Two soldiers visited the campus to talk about their experience in the IDF during tours of the exhibit and in panel discussions. Avner Gvaryahu, 32, grew up in an Orthodox community in Rehovot and served as a sergeant in a paratroopers brigade from 2004 to 2007. During the panel discussion, Gvaryahu shared a story about “barging into” a home in Nablus with his unit in the middle of the night — for strategic reasons — and then tying up a Palestinian doctor and his family. But he then untied the doctor’s hands and took off his blindfold “to clear my conscience” and “for the first time, had a real, genuine conversation with a Palestinian” even though Gvaryahu was holding a gun, he said.

“There, in that house in Nablus, I realized how much I didn’t know,” said Gvaryahu, who is now also a graduate student at Columbia University. 

This was not the first time that a former IDF soldier visited Wash U to discuss how his service made him question the Israeli government’s policies. In 2014, Hillel allowed J Street to host a former IDF soldier with Breaking the Silence and received significant backlash.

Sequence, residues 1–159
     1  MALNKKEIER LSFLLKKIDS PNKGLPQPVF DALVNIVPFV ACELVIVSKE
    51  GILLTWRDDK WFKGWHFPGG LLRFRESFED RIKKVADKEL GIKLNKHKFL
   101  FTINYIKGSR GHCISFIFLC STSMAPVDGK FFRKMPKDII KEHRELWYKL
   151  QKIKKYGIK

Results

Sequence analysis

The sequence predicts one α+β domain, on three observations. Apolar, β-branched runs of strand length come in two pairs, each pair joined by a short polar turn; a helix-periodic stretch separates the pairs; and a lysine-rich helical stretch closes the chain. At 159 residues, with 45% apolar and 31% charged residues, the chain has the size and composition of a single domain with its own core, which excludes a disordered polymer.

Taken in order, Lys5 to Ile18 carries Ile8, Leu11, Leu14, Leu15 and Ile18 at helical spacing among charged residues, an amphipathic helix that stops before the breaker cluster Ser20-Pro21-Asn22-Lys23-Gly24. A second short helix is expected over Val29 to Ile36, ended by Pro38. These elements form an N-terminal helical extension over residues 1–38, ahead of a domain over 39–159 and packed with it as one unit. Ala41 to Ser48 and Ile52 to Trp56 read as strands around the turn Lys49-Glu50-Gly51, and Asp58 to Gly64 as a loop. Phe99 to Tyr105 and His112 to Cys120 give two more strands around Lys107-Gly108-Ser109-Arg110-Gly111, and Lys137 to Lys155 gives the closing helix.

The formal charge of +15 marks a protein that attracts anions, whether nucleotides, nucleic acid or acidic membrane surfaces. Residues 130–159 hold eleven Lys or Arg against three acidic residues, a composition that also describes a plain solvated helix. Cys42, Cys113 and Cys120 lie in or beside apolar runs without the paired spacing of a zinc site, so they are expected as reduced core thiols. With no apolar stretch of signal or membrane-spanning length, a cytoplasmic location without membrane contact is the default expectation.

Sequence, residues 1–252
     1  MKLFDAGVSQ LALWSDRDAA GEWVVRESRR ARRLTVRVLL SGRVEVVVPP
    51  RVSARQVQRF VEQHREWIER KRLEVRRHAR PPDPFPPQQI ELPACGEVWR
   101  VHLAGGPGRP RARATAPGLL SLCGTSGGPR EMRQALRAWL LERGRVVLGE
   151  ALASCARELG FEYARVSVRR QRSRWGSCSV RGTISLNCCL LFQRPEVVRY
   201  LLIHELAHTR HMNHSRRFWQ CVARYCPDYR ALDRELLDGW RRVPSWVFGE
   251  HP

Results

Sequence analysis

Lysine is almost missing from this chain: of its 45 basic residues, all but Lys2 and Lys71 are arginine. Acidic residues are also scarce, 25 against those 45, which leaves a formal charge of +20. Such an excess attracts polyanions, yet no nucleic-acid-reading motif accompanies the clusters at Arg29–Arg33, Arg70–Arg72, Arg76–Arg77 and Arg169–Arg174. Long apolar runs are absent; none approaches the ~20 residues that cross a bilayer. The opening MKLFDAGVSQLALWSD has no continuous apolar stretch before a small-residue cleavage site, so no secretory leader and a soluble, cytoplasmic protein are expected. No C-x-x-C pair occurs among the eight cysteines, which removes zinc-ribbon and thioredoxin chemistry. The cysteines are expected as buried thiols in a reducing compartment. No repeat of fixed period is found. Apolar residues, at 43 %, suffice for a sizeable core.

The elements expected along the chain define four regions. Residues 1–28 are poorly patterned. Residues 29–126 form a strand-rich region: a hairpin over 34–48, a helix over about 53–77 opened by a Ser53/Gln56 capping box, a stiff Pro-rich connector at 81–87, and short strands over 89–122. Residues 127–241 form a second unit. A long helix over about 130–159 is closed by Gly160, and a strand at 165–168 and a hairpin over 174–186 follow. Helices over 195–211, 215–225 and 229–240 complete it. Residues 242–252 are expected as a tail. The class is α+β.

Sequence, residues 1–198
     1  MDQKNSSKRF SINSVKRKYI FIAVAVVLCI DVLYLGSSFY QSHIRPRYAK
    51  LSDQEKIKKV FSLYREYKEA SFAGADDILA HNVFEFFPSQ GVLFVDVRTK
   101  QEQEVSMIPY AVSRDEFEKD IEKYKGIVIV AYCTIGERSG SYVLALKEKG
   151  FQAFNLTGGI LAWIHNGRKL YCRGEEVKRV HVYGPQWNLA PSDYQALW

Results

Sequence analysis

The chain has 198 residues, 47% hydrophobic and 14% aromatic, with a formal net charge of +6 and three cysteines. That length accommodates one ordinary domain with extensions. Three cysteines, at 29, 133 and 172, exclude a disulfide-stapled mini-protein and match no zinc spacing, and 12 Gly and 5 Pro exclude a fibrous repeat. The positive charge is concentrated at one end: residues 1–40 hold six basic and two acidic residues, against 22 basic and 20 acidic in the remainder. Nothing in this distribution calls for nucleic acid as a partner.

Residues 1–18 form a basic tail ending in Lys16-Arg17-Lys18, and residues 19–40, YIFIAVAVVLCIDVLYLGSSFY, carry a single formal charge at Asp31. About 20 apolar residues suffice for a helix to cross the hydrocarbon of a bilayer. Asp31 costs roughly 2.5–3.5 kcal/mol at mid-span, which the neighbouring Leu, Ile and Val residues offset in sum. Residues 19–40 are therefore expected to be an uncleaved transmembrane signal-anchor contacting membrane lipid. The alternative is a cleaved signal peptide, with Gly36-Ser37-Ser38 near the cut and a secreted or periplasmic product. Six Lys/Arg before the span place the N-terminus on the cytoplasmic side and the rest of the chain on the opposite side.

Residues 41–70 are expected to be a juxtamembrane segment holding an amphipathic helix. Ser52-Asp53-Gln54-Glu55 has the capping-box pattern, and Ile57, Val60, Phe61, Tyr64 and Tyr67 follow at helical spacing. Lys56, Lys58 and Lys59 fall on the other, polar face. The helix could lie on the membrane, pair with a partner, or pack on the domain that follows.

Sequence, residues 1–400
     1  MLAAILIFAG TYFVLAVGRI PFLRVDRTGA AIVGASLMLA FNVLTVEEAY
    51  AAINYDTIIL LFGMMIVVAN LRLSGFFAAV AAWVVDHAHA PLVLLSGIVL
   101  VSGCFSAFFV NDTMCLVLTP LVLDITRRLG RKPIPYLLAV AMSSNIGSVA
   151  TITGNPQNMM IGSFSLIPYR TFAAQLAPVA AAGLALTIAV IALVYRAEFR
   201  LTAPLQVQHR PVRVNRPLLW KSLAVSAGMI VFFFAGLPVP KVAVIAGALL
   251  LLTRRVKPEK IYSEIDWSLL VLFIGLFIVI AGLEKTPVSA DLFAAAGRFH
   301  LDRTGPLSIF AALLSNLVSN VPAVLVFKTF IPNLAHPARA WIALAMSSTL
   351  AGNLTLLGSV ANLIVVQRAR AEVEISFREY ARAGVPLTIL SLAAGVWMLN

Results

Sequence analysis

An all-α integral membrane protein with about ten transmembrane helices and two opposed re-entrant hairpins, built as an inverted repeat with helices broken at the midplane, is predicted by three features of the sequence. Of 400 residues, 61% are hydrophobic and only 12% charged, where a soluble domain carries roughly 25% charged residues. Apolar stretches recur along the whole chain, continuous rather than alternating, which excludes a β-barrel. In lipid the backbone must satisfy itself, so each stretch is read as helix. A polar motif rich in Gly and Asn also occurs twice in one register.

“We chose to work with these emerging Jewish leaders in an educational setting rather than push them outside of our tent,” Wash U Hillel executive director Jacqueline Ulin Levey wrote at the time. The organization did not allow Breaking the Silence to share any photos, videos or similar materials that could be taken out of context, she stated.

This time around, Hillel declined to host the organization, citing the photos and video.

“The images and anonymous quotes displayed as part of the exhibit lack any context and fail to present the nuances and complexities of the Israeli-Palestinian conflict,” Levey stated. 

Students with J Street said they offered to connect the Hillel director with Gvaryahu to discuss “the structure of the photo exhibit and what you are comfortable including or not including,” but that the director did not follow up.

The Center for Jewish Life at Princeton University, which is affiliated with Hillel International, also did not allow J Street students to host the exhibit this week, and there, the students also held it elsewhere on campus. In that case, the CJL staff said they did not want to host the event around Israel’s Memorial and Independence days.